Which of these cars should I get as a first car?

Mazda6 2012 Toyota Corolla 2010 Honda Civic 2010 Toyota Camry 2010 Honda Accord 2012

Jay P

They're all generally good vehicles. But as they are used, any vehicle you are seriously considering buying should be first inspected by a dealer or other trusted shop of YOUR choosing before finalizing the deal.. It will cost you a little bit extra but it's well worth it as it greatly reduces the chances of you being stuck with unanticipated repairs within the foreseeable future.


Buy the one that is in the best mechanical condition, with the lowest miles, that preferably has only had one owner who isn't a teenager and who has maintained it regularly and kept detailed records and receipts. If you don't know how to evaluate the mechanical condition of a vehicle, pay a shop to look at it for you. That's always money well spent if it prevents you from making a mistake.


Id do all that before my comment but also consider which car gets stolen more. Insurance cost and dont forget to look up the cars vin #'s for vehicle's history!


They are all generally good cars. Civic & Corolla are smaller than the others and you did not include mazda 3 which I have. When I was searching a few years ago, I wanted toyota, honda or mazda whichever I could find the best deal on. It ended up being a Mazda 3 because I found a government auction on one an hour away. Later, I was using a US News & world report and I found a lot of people who had corollas had complained about the acceleration. I never drove all 3 so I could not compare. But I know my Mazda has great pickup. Also, generally, the smaller the car, the lower the price. So a mid size is going to cost more. I almost wish I would have found a mid size but I'm not trading cars over it. My 2012 will probably last me 8-12 more years if I live that long. Although who knows, as I get older I might get a wild hair and upgrade sooner. It's not like I can take it with me. My car only has 55k so Its hard to see it not lasting a very long time as I don't drive much. Cant imagine upgrading for at least 3-4 more years. Even with a wild hair. It's best to avoid car dealerships to save money. Take at least a 30 minute test drive over a variety of roads and if you still like it, have a mechanic look it over. On the cars mentioned above, you can reasonably expect to save $1500-2500 by avoiding a car dealer. (that's why I did not buy from one, and I was a low end car dealer for a dozen years, way back when) (I no longer have access to dealer auctions and did not feel like hitting up old friends to get in, although I could have probably)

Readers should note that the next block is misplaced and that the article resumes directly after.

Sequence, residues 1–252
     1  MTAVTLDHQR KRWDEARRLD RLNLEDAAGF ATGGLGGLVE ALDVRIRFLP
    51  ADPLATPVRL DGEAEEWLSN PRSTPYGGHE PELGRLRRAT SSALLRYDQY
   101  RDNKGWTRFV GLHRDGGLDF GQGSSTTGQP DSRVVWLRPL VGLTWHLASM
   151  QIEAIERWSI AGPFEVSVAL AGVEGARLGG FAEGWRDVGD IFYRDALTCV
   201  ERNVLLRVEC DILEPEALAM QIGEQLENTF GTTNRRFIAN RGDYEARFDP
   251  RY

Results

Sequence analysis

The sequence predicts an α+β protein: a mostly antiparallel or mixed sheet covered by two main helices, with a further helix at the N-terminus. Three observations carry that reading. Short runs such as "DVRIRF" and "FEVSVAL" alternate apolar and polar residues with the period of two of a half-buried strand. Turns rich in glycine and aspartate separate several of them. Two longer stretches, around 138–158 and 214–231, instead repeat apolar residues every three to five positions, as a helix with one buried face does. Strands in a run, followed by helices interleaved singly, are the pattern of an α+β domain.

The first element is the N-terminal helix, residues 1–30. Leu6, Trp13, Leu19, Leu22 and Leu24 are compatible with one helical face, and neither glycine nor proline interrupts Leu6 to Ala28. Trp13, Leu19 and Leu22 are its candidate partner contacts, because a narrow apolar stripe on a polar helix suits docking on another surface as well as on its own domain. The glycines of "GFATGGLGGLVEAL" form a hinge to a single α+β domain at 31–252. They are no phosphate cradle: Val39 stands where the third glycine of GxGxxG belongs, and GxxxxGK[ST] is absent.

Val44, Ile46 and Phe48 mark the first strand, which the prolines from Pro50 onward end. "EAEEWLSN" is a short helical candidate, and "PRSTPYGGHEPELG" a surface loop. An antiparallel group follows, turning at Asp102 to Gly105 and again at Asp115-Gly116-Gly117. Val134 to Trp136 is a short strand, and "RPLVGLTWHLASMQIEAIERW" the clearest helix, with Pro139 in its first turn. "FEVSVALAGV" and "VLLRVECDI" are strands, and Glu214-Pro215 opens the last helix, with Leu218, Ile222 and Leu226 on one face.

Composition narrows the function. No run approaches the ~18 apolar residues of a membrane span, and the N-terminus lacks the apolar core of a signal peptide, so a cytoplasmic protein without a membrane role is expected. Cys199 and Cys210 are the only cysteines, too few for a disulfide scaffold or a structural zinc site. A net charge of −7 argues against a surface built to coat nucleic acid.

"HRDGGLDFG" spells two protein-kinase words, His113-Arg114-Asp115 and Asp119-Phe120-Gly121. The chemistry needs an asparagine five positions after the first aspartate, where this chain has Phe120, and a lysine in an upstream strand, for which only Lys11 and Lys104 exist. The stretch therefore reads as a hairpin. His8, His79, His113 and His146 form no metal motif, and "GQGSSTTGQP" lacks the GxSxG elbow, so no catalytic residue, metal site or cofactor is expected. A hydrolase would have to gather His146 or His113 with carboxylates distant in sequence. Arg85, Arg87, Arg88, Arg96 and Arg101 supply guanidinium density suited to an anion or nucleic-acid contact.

don r

Drive them all to see which fits you best.


Get someone who has a clue about cars to go with you to LOOK at the cars and TEST DRIVE them. They are all used. They might ALL need a new engine or transmission and you are SOL if you buy any one of them.


Assuming the mileage isn't too high and the price is reasonable, I'd go with the Civic as my first choice and the Corolla as my second.

Ninefinger's Leaky GayAnus



The one which has been properly and fully serviced and maintained throughout the years. All things being equal they are all good quality and reliable automobiles. But whether or not they are now completely depends on how well they have been maintained. If the sellers cannot show PROOF of all service and maintenance receipts you need to shop elsewhere.


Well you have two distinct body sizes there. Get the car that's right for 80% of the driving you do. If you don't need the extra cabin space, get the Corolla or Civic (or Mazda 3). They are all available as hatchbacks and can also carry a lot of stuff in the back if you need to - just fold down the back seats - but will be cheaper to run when you are just doing the 9to5 commute to work all by yourself. If you habitually carry two or more passengers, get one of the larger bodied cars. Be aware these have sedan or sedan-like bodies, and while you may still be able to put the seats down, you may not be able to carry as much bulky cargo because of their less boxy shape. Bigger cars are more expensive to run but are more comfortable for passengers, though the smaller hatches may carry a greater volume of stuff if you use the load area to the max. My preferences; 1. Mazda, =2. Honda/ Toyota. But take some test drives and get the one you like best. They're all good brands.


It would depend on which has the combination of best condition, best features, lowest mileage, and lowest price. Assuming they were equal (which is impossible), the Civic would be a good choice.

Robert M

O prefer TOYOTA CARS to HONDA cars! Older HONDAS had INTERFERENCE FIT engines, and if the TIMING BELT ever broke you had a BIG HEADACHE to deal with! TOYOTA engines usually do NOT bend valves if the TIMING BELTS breaks on you!. They are BOTH good choices! NEWER Honda do NOT have TIMING BELTS but CHAINS! ASK the Dealers Hips if YOUR HONDA choice uses a BELT or CHAINS! and if the VALVES will BEND in case the belt breaks! It is a SANE question to ask! The GM ECOTEC engines, based on SAAB technology, can ALSO bend valves if the TIMING BELT should break! GOOD LUCK THEM and BYE now!


The Camry or the Accord. Both are very reliable, have plenty of room, get great mileage, and ride and drive comfortably.